Such bone-connected soft tissues may become detached from their host bone as the result of injury and/or disease. By way of example but not limitation, a ligament or tendon or labrum may all be detached from bone due to a sports-related injury. A detached ligament or tendon can cause anatomical instability, impede proper motion of the joint and cause pain. A detached or damaged labrum can impede proper motion of the hip joint and cause pain in the hip. In all of these cases, as well as numerous others, the corrective treatment typically involves surgically re-attaching the soft tissue to bone.
  • [0004]
    In addition to the foregoing, in some cases it may be necessary to intentionally detach soft tissue from bone in order to provide a therapeutic treatment. In these situations it is generally necessary to thereafter re-attach the soft tissue to its host bone. By way of example but not limitation, where a patient suffers from a pincer-type femoroacetabular impingement (FAI) of the hip joint, it may be necessary to remove the overgrown portion of the acetabular rim in order to alleviate the pincer-type impingement. This generally involves surgically detaching the labrum from the acetabulum, debriding the underlying acetabular bone, and then re-attaching the labrum to the acetabulum.
  • [0005]
    Thus it will be seen that in many cases it may be necessary or desirable to attach (or re-attach) soft tissue to bone.
  • [0006]
    Historically, soft tissue has been attached (or re-attached) to bone using nails, screws, staples and suture extended through holes formed in the bone. All of these approaches suffered from a variety of deficiencies, including loosening, tissue necrosis, etc.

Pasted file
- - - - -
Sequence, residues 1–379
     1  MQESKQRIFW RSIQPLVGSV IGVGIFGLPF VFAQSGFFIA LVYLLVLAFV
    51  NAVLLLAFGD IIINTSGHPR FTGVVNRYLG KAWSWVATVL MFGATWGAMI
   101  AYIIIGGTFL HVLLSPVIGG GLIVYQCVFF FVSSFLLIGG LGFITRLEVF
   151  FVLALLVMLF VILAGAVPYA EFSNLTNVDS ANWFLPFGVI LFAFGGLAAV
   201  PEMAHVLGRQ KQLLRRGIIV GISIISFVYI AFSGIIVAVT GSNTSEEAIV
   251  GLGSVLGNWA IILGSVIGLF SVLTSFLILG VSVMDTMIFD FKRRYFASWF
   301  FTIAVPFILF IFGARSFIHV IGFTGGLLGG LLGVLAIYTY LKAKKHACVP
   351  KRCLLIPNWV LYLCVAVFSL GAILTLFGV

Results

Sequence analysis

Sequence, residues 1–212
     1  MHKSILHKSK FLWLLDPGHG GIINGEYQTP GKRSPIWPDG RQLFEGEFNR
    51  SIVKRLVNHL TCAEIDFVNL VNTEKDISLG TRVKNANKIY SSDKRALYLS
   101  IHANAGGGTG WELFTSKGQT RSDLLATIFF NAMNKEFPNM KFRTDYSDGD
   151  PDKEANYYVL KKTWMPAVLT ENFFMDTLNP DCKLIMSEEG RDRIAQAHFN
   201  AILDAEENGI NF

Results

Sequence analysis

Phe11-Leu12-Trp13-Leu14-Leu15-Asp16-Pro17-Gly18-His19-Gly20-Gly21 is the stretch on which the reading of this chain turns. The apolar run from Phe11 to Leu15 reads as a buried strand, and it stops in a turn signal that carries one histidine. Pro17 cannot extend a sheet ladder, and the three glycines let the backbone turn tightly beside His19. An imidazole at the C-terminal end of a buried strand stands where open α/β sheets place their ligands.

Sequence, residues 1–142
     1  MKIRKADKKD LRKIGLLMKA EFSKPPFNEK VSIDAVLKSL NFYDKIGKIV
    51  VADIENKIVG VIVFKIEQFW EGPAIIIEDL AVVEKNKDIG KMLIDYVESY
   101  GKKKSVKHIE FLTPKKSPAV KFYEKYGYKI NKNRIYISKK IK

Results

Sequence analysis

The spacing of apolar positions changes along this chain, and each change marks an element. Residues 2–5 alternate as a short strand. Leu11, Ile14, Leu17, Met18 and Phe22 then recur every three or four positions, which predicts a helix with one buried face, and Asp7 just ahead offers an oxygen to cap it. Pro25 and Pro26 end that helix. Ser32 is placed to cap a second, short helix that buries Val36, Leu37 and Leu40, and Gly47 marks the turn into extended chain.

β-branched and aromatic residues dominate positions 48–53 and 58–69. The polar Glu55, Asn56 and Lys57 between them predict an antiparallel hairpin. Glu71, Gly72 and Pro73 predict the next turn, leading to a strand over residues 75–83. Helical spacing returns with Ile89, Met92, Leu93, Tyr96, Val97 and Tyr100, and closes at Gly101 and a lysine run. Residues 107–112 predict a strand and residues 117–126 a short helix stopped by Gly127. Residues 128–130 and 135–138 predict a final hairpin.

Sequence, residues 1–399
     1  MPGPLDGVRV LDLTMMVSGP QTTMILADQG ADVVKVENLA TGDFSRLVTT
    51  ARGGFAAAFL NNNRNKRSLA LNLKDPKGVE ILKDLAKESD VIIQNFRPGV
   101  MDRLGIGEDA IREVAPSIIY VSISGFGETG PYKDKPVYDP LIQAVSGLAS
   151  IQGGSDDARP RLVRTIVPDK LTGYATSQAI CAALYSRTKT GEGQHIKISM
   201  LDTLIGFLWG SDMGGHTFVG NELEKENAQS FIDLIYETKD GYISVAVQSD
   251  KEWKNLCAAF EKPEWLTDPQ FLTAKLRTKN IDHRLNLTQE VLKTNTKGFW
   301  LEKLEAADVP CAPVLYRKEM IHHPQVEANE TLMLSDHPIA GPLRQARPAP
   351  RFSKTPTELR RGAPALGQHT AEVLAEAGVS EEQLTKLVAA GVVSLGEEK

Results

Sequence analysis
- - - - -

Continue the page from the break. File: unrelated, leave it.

• [0007]
    More recently, suture anchor assemblies have been used to secure soft tissue to bone. More particularly, these suture anchor assemblies generally have two suture strands attached to a suture anchor body, the suture anchor body is deployed in the bone, and then the suture strands are used to tie the soft tissue to the bone. This is done by passing one or more of the suture strands through the soft tissue, properly tensioning the suture, and then tying a knot (or knots) in the free ends of the suture so as to secure the soft tissue to the bone.
  • [0008]
    While such suture anchor assemblies have proven to be a major advance over earlier attachment techniques, they suffer from the serious disadvantage of requiring the surgeon to tie a knot (or knots) in the suture. More particularly, it can be time-consuming and technically challenging to form a tight knot in the suture, particularly during arthroscopic procedures where the soft tissue attachment needs to take place at a remote location within the interior of a joint. Such remote knot-tying is currently done by forming a suture throw outside the joint, sliding the suture throw down to the surgical site using a suture rundown tool, forming a second suture throw outside the joint, sliding that second suture throw down to the surgical site using the suture rundown tool, etc. until the knot is formed. It will be appreciated that, at best, this procedure is time-consuming and, at worst, results in a knot which may provide inadequate securement and/or improper tension to the soft tissue.
  • [0009]